Posterior uveitis and panuveitis

Referral priority: urgent

All patients with posterior uveitis or panuveitis must be urgently referred to an ophthalmologist following local guidelines.

Written by
Marko Lukic
Edited by
Svein Tindlund and Jon Gjelle
June 2023


Read more

Read more
Clinical signs

Read more
Diagnostic procedures

Read more
Management and treatment

Read more

Read more


Uveitis is an inflammation of the uveal tract, and is divided into anterior (iris and ciliary body) and posterior components (choroid). The inflammation may affect surrounding tissue like the retina and optic nerve.(1) Uveitis – particularly posterior uveitis – is a common cause of preventable blindness, and is thus deemed a sight-threatening condition. It is responsible for 10% to 15% of all cases of blindness and 30,000 new cases of legal blindness annually in the United States.(2,3) In Western countries, uveitis affects 200 per 100,000 people.(4)4 More than 35% of patients who develop the condition suffer severe visual impairment.(4,5)

There are four types of uveitis, classified by anatomical location:

Type of uveitis  Primary location 
Anterior  Iris, ciliary body, or both 
Intermediate uveitis  Vitreous 
Posterior uveitis  Choroid 
Panuveitis  The entire uveal tract and vitreous 

Then, uveitis is further classified based on the following characteristics:(6)

  • Onset (sudden versus Insidious)
  • Duration (limited, less than 3 months; persistent, more than 3 months)
  • Course (acute, recurrent, or chronic)
  • Laterality (unilateral versus Bilateral)

The primary site of inflammation in posterior uveitis is the choroid. It can involve adjacent structures such as the retina, vitreous, optic nerve head, and retinal vessels.(7) Posterior uveitis can be classified based on the cause or the type of lesions. Like in other forms of uveitis, its causes can be infectious (toxoplasmosis, toxocariasis, tuberculosis, syphilis, bartonella, herpes simplex virus, herpes zoster virus, cytomegalovirus, HIV) or non-infectious. Non-infectious types of posterior uveitis may be clinically presented in different ways. Diagnosis is made depending on clinical features and the results of diagnostic testing (i.e., white-dot syndromes, diffuse unilateral subacute neuroretinitis, sarcoidosis, Vogt-Koyanagi-Harada syndrome, sympathetic ophthalmia, serpiginous chorioretinitis, etc.).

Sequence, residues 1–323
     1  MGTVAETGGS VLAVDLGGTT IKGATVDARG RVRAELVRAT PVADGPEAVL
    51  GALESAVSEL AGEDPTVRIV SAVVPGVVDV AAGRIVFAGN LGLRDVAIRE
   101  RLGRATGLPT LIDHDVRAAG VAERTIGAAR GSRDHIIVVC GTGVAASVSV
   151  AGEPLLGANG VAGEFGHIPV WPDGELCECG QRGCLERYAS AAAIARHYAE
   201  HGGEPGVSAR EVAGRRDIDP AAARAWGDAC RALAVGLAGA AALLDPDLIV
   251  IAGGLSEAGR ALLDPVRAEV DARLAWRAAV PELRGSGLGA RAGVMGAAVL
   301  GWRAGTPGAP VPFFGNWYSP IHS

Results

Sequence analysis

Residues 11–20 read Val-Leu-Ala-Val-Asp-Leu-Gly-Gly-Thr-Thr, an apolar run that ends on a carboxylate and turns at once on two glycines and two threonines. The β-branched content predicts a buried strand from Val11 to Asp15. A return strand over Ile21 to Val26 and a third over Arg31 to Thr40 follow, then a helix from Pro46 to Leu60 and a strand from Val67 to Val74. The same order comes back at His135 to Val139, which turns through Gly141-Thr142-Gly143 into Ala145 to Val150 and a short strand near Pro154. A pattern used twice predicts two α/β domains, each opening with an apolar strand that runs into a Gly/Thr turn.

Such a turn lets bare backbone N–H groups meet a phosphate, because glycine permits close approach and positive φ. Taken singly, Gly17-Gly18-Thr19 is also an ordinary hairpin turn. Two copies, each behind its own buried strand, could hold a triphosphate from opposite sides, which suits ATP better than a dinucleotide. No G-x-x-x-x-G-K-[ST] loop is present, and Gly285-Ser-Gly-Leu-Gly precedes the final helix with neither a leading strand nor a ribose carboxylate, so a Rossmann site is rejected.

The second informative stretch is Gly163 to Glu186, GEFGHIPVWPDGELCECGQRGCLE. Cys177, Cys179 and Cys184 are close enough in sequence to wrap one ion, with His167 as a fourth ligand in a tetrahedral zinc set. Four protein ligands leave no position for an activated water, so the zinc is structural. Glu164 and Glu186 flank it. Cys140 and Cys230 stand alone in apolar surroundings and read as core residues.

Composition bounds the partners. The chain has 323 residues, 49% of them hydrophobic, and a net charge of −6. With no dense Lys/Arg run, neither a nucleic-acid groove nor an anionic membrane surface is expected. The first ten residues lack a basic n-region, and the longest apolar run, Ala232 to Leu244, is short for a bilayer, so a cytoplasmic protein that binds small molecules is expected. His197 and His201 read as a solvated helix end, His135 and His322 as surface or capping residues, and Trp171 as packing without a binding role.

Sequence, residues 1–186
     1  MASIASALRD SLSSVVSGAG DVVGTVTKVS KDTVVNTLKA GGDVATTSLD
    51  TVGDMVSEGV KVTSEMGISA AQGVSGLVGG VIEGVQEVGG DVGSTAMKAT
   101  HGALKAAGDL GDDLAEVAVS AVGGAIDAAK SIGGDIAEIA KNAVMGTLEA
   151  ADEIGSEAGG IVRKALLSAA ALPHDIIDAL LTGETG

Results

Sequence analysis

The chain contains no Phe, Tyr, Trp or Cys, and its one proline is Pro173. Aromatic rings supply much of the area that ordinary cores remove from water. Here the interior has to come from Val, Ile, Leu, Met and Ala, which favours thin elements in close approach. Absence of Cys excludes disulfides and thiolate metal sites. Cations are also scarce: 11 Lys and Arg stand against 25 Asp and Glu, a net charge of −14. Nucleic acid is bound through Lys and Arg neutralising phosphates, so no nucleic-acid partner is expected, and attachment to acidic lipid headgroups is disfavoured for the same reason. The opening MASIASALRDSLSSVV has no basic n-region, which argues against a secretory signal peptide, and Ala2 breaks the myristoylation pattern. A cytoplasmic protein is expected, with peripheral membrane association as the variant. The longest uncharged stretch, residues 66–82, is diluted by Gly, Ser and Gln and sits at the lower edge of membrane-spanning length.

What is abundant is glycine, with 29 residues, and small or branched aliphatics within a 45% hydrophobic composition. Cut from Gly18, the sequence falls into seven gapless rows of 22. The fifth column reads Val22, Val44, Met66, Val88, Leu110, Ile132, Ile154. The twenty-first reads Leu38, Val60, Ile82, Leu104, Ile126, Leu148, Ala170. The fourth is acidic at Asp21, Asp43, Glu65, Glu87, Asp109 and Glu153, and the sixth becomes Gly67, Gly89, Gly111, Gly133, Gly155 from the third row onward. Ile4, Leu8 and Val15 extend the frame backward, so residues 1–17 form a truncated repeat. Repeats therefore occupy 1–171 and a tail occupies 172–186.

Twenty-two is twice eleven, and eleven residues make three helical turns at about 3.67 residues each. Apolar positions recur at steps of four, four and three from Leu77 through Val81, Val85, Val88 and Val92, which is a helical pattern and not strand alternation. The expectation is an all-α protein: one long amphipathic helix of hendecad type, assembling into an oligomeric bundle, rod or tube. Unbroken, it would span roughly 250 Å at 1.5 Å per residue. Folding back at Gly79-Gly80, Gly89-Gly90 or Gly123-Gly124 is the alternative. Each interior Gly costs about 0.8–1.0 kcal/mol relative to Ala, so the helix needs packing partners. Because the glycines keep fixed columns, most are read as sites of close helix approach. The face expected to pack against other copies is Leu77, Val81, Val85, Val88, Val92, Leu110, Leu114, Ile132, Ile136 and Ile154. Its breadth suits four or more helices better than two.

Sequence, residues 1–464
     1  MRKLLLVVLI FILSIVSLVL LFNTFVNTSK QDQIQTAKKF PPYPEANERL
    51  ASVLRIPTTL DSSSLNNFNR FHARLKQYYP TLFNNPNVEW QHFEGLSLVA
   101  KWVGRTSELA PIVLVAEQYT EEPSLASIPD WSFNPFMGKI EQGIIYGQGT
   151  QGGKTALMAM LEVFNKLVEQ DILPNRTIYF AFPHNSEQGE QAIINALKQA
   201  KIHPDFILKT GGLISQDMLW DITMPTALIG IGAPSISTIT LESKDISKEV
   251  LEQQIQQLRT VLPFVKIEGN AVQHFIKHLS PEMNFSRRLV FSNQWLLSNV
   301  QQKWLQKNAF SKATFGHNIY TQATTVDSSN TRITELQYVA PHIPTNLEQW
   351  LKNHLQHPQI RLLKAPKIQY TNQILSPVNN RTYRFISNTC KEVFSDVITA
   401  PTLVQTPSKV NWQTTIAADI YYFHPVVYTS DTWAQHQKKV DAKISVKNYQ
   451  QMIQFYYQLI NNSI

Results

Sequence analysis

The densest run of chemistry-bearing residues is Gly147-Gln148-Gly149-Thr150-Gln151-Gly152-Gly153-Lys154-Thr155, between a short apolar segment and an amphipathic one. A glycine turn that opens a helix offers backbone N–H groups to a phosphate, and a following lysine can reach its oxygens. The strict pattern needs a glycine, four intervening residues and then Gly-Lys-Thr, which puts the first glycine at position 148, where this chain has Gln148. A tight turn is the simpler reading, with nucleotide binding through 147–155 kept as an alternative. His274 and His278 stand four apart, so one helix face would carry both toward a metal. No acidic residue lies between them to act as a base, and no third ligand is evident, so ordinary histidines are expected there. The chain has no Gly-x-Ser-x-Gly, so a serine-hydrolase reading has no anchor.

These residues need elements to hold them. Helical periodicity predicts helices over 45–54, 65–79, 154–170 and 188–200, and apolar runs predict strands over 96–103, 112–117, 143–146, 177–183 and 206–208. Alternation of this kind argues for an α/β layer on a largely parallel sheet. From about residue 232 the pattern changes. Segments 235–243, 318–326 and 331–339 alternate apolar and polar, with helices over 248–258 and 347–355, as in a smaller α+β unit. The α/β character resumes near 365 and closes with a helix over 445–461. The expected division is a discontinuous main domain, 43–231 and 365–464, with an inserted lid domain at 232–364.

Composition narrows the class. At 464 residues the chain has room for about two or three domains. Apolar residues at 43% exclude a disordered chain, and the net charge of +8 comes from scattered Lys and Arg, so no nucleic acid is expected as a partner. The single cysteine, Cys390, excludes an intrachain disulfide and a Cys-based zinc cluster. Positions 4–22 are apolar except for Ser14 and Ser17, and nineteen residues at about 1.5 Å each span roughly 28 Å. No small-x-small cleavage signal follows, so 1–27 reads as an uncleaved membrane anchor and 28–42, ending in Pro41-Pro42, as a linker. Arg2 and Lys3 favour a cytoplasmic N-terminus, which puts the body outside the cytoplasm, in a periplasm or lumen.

The term panuveitis is used when anterior, intermediate, and posterior uveal structures are involved.(8) The causes related to panuveitis are infectious, inflammatory, neoplastic, or traumatic. When neoplasia (retinoblastoma, iris melanoma, and systemic haematological malignancies such as leukaemia and lymphoma) causes panuveitis, it is known under the term “masquerade syndrome”.



The symptoms depend on the part of the uveal tract involved. Patients with posterior uveitis complain of blurry vision, floaters, and photopsia. Those with panuveitis may also have eye redness, pain, and photophobia.

It is critical to take a thorough medical history, including present and past personal medical history, surgeries, history of trauma, medicines, and family history. Always ask about arthritis, rashes, shortness of breath, swollen lymph nodes, recent headaches, hearing difficulties, hair loss, pigment changes in the skin, a history of ocular trauma, recent insect bites, sexually transmitted diseases (STDs), tuberculosis exposure, blood in stools, and recent travel.(9-11)


Clinical signs

Clinical findings depend mainly on the site of involvement. The clinical signs mentioned in this chapter are based on the site of inflammation.

Anterior portion

Eye redness is present in the form of ciliary injection/flush. However, diffuse redness of conjunctiva may also be present. You should carefully examin the conjunctiva as small nodules may be present.